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From "Piroumian, Konstantin" <KPiroum...@flagship.ru>
Subject [RT] XForms with Cocoon
Date Thu, 21 Feb 2002 13:31:59 GMT
Good <user:time-of-day/>!

I've been trying to go deeper into XForms and implement an xsl stylesheet
that transforms a page from XForms markup into HTML. The following are
random thoughts that were coming to me during it and they are accorded by
the result of my try, consisting of a sample page in XForms format, a schema
for instance data and the stylesheet used to display the page. (Just to
remind what is XForms: it's an XML mark up format for the next generation of
HTML forms. See: http://www.w3c.org/MarkUp/XForms)

1. Introduction
A page in XForms format looks like this:
<page>
    <model>
        <instance/>
        <schema/>
        <bind/>*
        <submitInfo/>*
    </model>
    <group/>*
</page>

The 'model' contains: instance data, schema (W3C Schema) for the instance
data, bindings (=constraints) and submit info elements. Usually, all the
parts, except 'instance' data are static, so static XML files can be used
(although, it's possible to use XSP/JSP to generate dynamic forms and
constraints).

2. It is for browsers!
XForms is a client side form representation that should be processed by the
browser, so it's not a format for server side processing. But some ideas
from it can be used to implement server side processing of forms. How XForms
can be implemented in web apps, particularly in Cocoon based applications?
Two steps are required: display a page and handle submitted data using the
same form model.

3. Displaying a form in XForms format.
Usually, the process looks like this:
    (Form description + instance data) * transformer(s) = HTML

Which means: transformer(s) takes the form description and the instance data
then represent it in the target format.

Normally, web applications use JavaBeans (or value objects in terms of
EJB/J2EE) to hold the business data. So, the first task is rather simple:
serialize JavaBeans/Value objects as XML. This can be easily solved with
Castor and proposed CastorTransformer or a logicsheet.

Transformation to HTML is a more complicated thing and requires dynamic
XPath expressions support. I've been thinking of writing some JavaScript
functions that can perform validation and visualization according to
constraints, but that requires full support of XPath in JavaScript and some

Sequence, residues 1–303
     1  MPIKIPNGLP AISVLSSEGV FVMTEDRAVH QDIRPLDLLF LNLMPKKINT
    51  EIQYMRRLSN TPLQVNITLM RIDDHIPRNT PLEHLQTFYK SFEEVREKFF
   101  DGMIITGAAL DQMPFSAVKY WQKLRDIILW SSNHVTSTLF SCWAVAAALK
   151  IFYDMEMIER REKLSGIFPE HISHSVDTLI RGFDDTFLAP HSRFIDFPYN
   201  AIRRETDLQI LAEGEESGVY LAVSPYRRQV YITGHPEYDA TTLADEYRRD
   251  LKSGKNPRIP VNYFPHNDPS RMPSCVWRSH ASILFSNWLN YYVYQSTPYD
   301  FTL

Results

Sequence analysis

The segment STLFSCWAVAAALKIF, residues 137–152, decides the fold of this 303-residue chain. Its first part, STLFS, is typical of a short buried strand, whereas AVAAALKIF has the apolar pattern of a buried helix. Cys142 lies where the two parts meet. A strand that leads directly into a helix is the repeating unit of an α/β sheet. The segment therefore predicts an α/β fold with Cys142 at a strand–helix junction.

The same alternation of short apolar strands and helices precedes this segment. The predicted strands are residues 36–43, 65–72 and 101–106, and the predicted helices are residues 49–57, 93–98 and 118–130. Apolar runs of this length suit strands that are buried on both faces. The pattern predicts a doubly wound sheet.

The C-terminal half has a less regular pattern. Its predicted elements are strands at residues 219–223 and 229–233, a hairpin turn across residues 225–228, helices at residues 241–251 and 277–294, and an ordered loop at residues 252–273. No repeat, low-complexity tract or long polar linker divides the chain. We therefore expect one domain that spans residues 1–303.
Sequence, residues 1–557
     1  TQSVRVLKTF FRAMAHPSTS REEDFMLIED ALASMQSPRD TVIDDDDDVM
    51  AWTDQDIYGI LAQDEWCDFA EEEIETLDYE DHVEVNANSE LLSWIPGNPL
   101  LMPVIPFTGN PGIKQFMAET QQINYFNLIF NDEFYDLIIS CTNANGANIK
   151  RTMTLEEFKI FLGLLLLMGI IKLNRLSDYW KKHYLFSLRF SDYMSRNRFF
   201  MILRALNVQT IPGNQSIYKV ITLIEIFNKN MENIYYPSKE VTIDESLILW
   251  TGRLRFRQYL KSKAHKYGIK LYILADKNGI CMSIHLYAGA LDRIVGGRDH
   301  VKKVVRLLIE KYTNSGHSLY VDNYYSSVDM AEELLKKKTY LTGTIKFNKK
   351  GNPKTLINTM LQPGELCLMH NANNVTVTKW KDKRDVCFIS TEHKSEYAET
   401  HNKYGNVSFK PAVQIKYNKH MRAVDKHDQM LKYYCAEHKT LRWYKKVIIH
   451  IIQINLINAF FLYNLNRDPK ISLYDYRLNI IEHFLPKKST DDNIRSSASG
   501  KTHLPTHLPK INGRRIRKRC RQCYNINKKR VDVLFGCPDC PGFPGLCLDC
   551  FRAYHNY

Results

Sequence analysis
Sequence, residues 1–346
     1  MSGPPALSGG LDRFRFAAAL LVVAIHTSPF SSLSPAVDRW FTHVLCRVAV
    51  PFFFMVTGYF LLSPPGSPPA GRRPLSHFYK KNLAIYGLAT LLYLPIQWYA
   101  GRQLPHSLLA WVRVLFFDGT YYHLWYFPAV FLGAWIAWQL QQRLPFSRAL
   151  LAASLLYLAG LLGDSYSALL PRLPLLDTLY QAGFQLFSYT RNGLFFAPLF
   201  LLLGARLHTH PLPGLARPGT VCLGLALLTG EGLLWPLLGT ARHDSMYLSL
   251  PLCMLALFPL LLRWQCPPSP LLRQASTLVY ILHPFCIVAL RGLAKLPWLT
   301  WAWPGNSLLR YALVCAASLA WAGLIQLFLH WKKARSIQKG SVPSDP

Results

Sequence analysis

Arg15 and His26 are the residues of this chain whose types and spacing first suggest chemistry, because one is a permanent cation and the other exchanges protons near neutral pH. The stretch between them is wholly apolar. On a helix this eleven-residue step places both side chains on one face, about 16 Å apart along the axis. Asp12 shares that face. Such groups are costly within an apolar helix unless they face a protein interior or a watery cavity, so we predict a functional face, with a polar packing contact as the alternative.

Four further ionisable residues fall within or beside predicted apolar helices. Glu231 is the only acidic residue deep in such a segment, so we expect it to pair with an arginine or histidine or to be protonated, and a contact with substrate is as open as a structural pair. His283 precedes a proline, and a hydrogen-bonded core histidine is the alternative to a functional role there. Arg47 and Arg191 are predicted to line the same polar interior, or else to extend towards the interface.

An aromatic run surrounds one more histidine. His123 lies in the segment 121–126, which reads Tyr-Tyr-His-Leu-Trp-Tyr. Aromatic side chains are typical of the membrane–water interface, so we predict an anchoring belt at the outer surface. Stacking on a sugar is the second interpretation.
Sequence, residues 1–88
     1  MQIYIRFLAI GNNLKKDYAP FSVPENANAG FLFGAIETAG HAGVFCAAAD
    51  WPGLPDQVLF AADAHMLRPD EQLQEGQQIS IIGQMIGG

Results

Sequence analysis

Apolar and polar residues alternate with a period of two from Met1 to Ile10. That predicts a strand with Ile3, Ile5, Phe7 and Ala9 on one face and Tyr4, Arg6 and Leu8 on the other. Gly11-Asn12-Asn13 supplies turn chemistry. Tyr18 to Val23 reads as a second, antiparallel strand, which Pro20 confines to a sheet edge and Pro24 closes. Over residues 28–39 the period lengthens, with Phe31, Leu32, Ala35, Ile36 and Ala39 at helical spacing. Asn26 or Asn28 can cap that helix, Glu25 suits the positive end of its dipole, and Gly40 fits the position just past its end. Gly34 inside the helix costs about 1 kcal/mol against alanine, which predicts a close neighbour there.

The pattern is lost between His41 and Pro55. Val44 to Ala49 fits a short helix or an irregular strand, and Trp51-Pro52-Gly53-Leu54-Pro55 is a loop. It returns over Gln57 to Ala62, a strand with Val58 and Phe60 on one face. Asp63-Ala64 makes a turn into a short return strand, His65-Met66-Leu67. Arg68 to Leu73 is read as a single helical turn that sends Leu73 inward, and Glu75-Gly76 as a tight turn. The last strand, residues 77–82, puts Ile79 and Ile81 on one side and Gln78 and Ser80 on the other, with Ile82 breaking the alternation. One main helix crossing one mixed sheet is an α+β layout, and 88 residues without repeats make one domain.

tricky things during transformation to place function calls in the needed
places. To implement a simplies XSL for displaying a had to use Xalan
extensions. For real XForms processing a special logicsheet or a transformer
will be needed. In any case, this will require an intermediate markup
format.

4. Processing submitted data.
Procesing the submitted data requires following steps: validate user input
against the Schema and constraints, map values to according JavaBeans/Value
objects, perform the action (update, add, etc.). So, to validate the input
against a Schema, request parameters should be translated to XML. For this
purpose param names must be in XPath format (as it is going to be in XForms
browsers), like this:
    customer/firstname=John
    customer/service[@id='prepaid']/discount=0.10
    customer/address/line[1]=London, UK
etc.

As it were already proposed by Ivelin Ivanov, this XML can be unmarshalled
to corresponding JavaBeans/Value objects using Castor and a special Cocoon
action. After that binding constraints should be checked. And then a
business logic action should be performed.

5. Sample
This samples can be interesting to anybody who is interested in XForms. They
demonstrate how an XForm can be displayed. Also, there is a demonstration of
how 'relevant' and 'required' constraints can be visualized.

To see how display style is changed, add/remove 'required' from bindings or
change the expression in 'relevant' attribute. Also, in singleSelect element
selectUI attribute can have values 'menu', 'listbox', 'radio', 'checkbox'.

6. Conclusion
So, to conclude all the experience, I can state that for server-side XForms
support will be needed some intermediate markup format, a pair of
transformers/logicsheets, a mapping tool (like Castor) and formatting
stylesheet(s).

Any comments?

Btw, is there any activity in ExFormula?

Best regards,

Konstantin Piroumian
Software engineer

Protek Flagship LLC
Phone: + 7 095 795 0520 (add. 1288)
Fax: + 7 095 795 0525
E-mail: kpiroumian@flagship.ru
http://www.protek.com


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